Studies in the Scriptures
Zion's Watch Tower
GOD’S UNPROFITABLE SERVANT PUNISHED
"Cast ye the unprofitable servant into outer darkness; there shall be weeping and gnashing of teeth."—# Mt 25:30
We who delight to be known as Christians, followers of Jesus, have heretofore been very careless in our study of God’s Word, and have thus been disrespectful to our Teacher, and have gotten ourselves into a world of trouble and confusion of thought which is driving many into unbelief. We must learn to be more critical in our reading of the Word of God. We must not assume so much, but must carefully note the Master’s exact statements, that we may be able to distinguish between His literal utterances and His parables, dark sayings, figures of speech and hyperboles.
Take, for instance, our text. How few have ever sought to weigh it and to draw proper inferences from it! The usual custom is to conclude that it refers to an eternity of torture into which the majority of our race enter at death; whereas no such conclusion would be a reasonable deduction from the narrative from which the text is taken.
It is part of a parable, every element of which is figurative.
Whoever reads the connection will perceive that the person or class mentioned as going into the outer darkness is not represented as going into death at all. Furthermore, the phrase "outer darkness" could not refer to such a place as is generally pictured by evangelists as the future abode of the non-elect; for that place is invariably said to be the very reverse of dark, and its inmates to be shut in—not cast out!
It should be noted that the person or class referred to in our text as cast into outer darkness, where there shall be weeping and gnashing of teeth, is a Christian—not a worldling, not a stranger, alien, foreigner to the Divine
promises, but one of the Lord’s recognized followers.
The punishment comes upon him, not because of murder, theft or blasphemy, not through immoralities, but because of neglect of opportunities of service. Had he been guilty of gross sin, he would not have been recognized of God as a follower of Christ, regardless of any profession he might make to that effect. Having become a consecrated believer in the Lord, he had received a talent of privilege and opportunity in the Master’s service, and this he had neglected to use.
From this viewpoint many Christian people should be startled and thoroughly awakened by our text; for undoubtedly many are in the very position described in the parable. An investigation of the matter which comes close home to themselves will assist them in the exercise of common sense in the interpretation of this Scripture; whereas the general tendency seems to be to permit unreason to interpret such texts as these, which are always inferred to belong to the very grossest, immoral enemies of God and the principles of righteousness. The majority of people are much more merciful in thinking about matters which are applicable to themselves; for their love is not yet sufficiently developed to enable them to feel an equal interest in their neighbor—yea, in their enemies.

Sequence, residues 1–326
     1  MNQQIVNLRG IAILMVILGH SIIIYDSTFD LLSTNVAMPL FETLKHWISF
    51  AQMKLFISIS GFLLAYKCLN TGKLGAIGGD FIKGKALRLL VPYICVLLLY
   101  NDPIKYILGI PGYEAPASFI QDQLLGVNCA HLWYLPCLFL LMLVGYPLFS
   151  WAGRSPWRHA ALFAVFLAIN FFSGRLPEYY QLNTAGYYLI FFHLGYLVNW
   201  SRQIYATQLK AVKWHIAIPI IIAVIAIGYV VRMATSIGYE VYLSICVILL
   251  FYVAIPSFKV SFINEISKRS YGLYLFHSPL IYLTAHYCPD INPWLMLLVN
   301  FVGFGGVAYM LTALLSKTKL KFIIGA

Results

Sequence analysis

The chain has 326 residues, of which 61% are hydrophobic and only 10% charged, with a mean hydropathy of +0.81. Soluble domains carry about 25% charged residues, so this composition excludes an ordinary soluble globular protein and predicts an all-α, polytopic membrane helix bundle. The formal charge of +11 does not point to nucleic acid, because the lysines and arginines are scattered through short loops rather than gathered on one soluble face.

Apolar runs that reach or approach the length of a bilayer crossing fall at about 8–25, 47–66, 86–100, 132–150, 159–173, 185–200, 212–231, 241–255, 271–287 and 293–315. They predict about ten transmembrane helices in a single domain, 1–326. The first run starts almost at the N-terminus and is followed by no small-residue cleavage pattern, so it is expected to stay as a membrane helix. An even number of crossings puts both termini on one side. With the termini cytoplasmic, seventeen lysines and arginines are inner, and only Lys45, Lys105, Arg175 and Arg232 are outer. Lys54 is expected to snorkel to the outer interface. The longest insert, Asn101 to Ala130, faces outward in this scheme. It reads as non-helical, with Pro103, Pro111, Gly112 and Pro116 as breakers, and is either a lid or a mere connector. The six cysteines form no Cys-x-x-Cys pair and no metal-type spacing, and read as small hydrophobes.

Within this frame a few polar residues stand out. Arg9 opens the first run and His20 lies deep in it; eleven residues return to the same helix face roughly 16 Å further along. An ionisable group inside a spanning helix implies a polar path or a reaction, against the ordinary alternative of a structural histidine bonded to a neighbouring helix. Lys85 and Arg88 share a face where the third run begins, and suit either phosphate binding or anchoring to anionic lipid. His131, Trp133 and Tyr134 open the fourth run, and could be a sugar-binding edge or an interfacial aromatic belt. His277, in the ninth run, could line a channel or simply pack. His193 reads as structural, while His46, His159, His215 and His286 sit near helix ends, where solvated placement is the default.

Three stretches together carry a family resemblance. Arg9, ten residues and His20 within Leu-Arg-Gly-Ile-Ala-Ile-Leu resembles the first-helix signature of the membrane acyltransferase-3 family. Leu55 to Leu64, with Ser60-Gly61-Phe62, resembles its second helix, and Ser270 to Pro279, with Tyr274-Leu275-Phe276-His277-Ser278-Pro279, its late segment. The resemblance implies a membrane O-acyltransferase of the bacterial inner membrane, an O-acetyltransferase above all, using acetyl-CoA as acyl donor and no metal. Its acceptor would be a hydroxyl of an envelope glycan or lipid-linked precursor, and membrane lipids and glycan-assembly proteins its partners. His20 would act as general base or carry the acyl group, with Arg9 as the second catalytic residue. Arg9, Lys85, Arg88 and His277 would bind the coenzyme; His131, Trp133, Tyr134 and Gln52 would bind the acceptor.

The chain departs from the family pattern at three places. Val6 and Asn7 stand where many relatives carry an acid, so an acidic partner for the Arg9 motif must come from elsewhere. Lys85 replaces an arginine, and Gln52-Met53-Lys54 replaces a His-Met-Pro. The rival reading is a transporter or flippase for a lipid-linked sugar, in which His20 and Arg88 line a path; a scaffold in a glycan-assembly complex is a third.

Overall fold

THE PARABLE AS A WHOLE
Let us examine the parable as a whole, in order that we may make no mistake in the application of any of its parts. (
.) It represents the entire Gospel Age—from the time when our Lord ascended on High, going to the far country, even Heaven itself. He left His interests in the hands of His servants—the Apostles and believers in general; and in their hands these interests have remained ever since. The whole narrative shows that not merely nominal Christians are meant by the servants, but true Christians—fully consecrated believers.
These alone have the talents belonging to the Lord in
their charge for use in His service, "every man according to his several abilities."
In olden times a talent represented a sum of money, an Attic talent being equivalent to $1,200 in our money.
Thus to one servant five talents were entrusted, representing $6,000; to another, two talents, representing $2,400; and to another one talent—$1,200. But while the matter is here stated merely from the financial point of view, all will agree that such a statement is only for convenience; and that the real thought in the parable is that these talents represent not only financial ability, but also social standing, education, mental equipments, etc.
THE TALENTS COMMITTED TO SOME
Those who hear the Lord’s voice calling them as sinners to repentance are not as yet His servants, nor are they entrusted with any of His talents. They are still strangers, aliens and foreigners, without God and having no hope. (
.) But after they have learned of the grace of God in Christ and of the provision made in Him for the covering of the sins that are past and of the blemishes which are present, then if they rejoicingly accept Him as their Savior they thereby take the first step toward God. Being thus justified by faith, they have peace with God as respects their former sins and the condemnation under which they realize that they had rested. (
But still they have not yet become servants of God. However, they are in that attitude of mind where the Lord would be willing to accept them as His servants; and hence the Apostle invites such, saying, "I beseech you, brethren, by the mercies of God, that ye present your bodies a living sacrifice, holy, acceptable to God, and your reasonable service."—
In his consecration the believer thus lays at the Lord’s feet his life, his time, his influence, together with whatever property or mental endowment he may possess—all for the Lord, "to be used in joyful service for the glory of